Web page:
Largely driven by fear of Y2K-related disasters, awareness of the importance of disaster recovery plans and business continuation processes began increasing around three years ago and has continued to grow.

Philip Sargeant, server and storage analyst for Gartner Pacific, said although awareness has increased as a result of Y2K, for some organisations disaster recovery has always been an important issue.

"For a certain group of enterprises, [disaster recovery] was always high on the list of priorities. Y2K was just another added problem they had to face," Sargeant said. "I don't think it really pushed disaster recovery further [up the ladder]."

"Y2K caused disaster recovery to be an issue of people over-insuring themselves and over-spent budgets," warned Stutchbury.

"Suppliers are constantly saying [disaster recovery] is one thing companies should be doing all the time," he stressed.

Developing awareness

Despite IT industry concerns that disaster recovery issues will fade into the background now that the Y2K problems are over, most industry specialists believe the sector is developing and evolving strongly.

Greg Hood, director of professional services for Hitachi Data Systems, Asia Pacific, said he believes attitudes towards disaster recovery have changed "quite a bit" and as a consequence the market is growing strongly.

"When HDS [entered] the disaster recovery market, it was very much cheap and cheerful," he said. However, events over recent years have heightened awareness of its importance. In fact, Hood said, a noticeable change in the market last year led HDS to move premises in order to create a substantial disaster recovery facility for customers.

"Directors of companies are seeing the need and are encouraging investments in disaster recovery," he said.

Events such as the Sydney Water crisis and Auckland power failure, as well as Y2K, have brought the issue to the forefront.

Solutions and opportunities

With the introduction of a broader definition of disaster recovery has come many opportunities for both the channel and the vendors.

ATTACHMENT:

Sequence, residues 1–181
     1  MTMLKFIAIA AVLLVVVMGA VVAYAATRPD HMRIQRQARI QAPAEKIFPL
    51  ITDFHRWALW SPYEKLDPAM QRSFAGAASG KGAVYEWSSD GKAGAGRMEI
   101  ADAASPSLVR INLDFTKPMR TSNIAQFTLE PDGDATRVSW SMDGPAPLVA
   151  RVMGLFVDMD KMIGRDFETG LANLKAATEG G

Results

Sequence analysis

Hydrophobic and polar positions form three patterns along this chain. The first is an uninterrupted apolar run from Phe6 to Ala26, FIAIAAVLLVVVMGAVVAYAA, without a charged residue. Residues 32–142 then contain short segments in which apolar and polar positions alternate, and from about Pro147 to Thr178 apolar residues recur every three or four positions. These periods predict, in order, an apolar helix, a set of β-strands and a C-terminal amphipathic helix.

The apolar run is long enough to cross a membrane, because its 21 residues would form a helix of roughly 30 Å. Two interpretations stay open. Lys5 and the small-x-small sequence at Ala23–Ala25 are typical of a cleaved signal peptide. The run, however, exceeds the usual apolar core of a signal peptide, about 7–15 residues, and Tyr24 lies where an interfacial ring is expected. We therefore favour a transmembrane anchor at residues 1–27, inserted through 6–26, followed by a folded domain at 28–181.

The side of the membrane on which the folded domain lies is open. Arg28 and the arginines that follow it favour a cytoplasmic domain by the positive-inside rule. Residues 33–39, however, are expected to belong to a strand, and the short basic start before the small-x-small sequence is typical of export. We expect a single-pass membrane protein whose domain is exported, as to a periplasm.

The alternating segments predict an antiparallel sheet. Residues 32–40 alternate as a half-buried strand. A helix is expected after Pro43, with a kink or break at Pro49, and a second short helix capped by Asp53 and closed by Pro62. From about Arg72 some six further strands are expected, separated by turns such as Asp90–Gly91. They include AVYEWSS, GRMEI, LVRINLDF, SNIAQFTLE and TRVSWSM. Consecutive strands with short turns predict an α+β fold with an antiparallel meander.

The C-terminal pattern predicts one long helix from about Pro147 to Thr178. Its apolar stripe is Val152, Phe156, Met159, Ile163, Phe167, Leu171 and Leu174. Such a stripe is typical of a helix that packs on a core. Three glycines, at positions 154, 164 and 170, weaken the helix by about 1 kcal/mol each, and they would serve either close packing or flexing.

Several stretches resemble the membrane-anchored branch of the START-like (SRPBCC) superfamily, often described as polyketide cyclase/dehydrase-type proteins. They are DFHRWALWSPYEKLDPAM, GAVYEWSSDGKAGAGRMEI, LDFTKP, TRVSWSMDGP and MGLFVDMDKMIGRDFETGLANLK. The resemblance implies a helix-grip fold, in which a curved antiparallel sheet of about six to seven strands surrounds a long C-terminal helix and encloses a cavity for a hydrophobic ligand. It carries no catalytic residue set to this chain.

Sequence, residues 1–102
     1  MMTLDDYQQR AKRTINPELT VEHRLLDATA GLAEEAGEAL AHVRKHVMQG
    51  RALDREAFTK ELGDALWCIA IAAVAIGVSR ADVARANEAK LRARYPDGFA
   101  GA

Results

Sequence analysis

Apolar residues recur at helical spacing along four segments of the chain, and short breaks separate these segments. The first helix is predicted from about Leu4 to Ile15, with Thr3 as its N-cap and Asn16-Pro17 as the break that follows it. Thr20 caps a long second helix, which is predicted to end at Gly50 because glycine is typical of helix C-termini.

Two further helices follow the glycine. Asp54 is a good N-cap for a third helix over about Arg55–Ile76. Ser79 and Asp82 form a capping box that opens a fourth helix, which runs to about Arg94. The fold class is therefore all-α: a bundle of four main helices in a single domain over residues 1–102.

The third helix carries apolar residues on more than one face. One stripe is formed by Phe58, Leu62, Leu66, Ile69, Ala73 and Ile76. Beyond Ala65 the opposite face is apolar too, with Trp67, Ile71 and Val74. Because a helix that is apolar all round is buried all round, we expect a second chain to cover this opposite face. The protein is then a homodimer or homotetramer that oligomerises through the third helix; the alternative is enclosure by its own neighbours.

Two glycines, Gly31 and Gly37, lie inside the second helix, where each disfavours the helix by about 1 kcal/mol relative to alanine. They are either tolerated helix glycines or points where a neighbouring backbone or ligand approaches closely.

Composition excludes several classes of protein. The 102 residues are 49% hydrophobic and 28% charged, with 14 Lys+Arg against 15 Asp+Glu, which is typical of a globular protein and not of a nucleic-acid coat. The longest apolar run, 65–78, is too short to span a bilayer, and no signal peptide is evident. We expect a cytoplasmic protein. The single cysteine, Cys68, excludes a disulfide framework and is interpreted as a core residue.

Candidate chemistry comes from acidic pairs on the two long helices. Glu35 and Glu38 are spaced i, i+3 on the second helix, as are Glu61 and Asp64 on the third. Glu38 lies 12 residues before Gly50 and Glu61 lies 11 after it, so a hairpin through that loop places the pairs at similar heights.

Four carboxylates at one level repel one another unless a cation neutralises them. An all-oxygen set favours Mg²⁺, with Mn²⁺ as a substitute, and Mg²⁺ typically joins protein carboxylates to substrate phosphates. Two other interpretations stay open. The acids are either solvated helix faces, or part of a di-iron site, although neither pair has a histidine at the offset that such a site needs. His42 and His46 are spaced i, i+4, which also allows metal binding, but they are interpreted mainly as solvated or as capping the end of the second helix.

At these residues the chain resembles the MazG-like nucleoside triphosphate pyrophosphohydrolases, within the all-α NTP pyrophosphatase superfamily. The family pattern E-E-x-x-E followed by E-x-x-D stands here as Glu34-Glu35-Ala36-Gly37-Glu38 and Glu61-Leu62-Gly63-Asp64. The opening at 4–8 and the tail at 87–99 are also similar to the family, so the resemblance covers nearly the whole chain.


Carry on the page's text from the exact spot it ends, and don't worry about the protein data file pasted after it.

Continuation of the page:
Tape libraries, data backup systems and hardware are no longer enough to support most businesses. Management software, complex clustering functionality, high data availability, storage area networks, replication software, uninterrupted power supply solutions and off-site facilities are all being used to create total disaster recovery plans.

Companies can choose to adopt a prevention strategy using SANs, and system monitoring applications, Stutchbury said. Or alternatively, if a customer chooses the recovery approach, software and hardware enabling backup copies are important.

The important point to remember, Stutchbury said, especially as a reseller, is that every company is different.

According to Gartner's Sargeant, larger companies will prefer to do most of their disaster recovery internally in their own fully equipped data centres. However, for small organisations, the costs of running a data centre are too high and often outstrip the benefits, he said.

"In a smaller organisation, providing a disaster recovery plan might mean having additional equipment on hand," Sargeant explained. "But companies get to the point where it is not economical to have equipment on hand. Then they go to a third-party supplier."

An alternative to a data centre is a smaller off-site backup facility, most likely hosted by a service provider, reseller or - as Sargeant suggests - Internet service providers (ISPs) or application service providers (ASPs).